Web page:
For example, CNN—which never interviewed Massey in the two years since he returned from Iraq—invited Harris onto the network’s “American Morning” program last week to call the antiwar vet a liar. No attempt was made to get Massey’s response or allow him to rebut what amounted to character assassination.
The WSWS has itself received a number of e-mails relating Harris’s accusations and asking if we intend to retract a previous interview and article, written by this reporter one year ago.
We have no intention of joining those sections of the media—most notably the Sacramento Bee—that have engaged in hand wringing over their failure to detect the inconsistencies that Harris has tried to turn into an indictment against Massey.
The same sections of the mass media which now voice deep concern over such supposed lapses had no problem swallowing—and covering up—the inconsistencies and bold-faced lies that characterized the Bush administration’s justification for carrying out a war of aggression against Iraq.
The WSWS spoke with Massey again this week in Miami, where he appeared at an event organized by Broward County Peace Coalition along with Camilo Mejia, a former Florida National Guard member who spent nine months in prison for refusing to fight in the Iraq war. While in Miami, Massey also spoke to high school students about the methods of military recruitment and the war in Iraq. On Monday, he appeared on Pacifica Radio’s “Democracy Now,” where he was interviewed together with Ron Harris.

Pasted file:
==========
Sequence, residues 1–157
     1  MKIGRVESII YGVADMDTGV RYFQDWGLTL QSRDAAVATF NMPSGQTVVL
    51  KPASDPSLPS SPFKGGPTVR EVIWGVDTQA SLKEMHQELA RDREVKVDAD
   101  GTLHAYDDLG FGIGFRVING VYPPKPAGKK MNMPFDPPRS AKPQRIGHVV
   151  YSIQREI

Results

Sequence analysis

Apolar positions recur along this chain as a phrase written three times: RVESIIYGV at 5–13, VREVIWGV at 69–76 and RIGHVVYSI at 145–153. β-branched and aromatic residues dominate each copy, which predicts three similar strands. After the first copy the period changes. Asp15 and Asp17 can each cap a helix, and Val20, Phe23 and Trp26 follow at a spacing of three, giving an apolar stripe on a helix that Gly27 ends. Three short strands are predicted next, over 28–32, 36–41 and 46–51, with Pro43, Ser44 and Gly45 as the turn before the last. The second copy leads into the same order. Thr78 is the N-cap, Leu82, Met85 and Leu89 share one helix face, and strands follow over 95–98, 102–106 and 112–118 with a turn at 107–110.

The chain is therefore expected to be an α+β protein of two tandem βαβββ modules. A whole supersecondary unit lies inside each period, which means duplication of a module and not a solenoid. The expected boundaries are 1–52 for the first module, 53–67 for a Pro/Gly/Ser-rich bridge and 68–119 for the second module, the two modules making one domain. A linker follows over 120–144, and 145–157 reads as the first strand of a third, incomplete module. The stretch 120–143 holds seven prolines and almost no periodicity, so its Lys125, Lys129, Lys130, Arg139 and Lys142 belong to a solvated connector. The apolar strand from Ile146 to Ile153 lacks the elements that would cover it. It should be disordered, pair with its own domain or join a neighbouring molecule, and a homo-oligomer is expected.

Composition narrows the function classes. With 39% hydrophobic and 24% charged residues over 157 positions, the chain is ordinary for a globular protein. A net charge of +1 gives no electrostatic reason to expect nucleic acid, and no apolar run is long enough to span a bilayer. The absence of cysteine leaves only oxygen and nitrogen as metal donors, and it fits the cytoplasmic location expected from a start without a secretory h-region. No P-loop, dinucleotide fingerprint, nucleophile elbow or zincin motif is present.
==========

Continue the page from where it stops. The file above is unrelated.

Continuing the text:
WSWS: Why do think you have become the target of attacks from Ron Harris?
JM: For one, he is attempting to say that the US is fighting a legitimate war and that atrocities are not being committed against the Iraqi people—that the things we did were not war crimes. And let me just ask this, did the military ever admit to any of the atrocities that were committed in Vietnam? I mean, look at My Lai—look at who was a part of My Lai—Colin Powell. He was a Major back then, and he was sent in to investigate the massacre and he came back with nothing. The US military does everything within their power to control information, but they just can’t do it. I also think that it is partly retribution for me criticizing him in a speech that I gave in Boston at the Veterans for Peace Convention back in 2004. I criticized the honesty of his so-called investigative journalism, particularly a piece he wrote on the Rasheed [military complex] conflict. He was reporting stories as they were fed to him from military officials, like he did about weapons of mass destruction.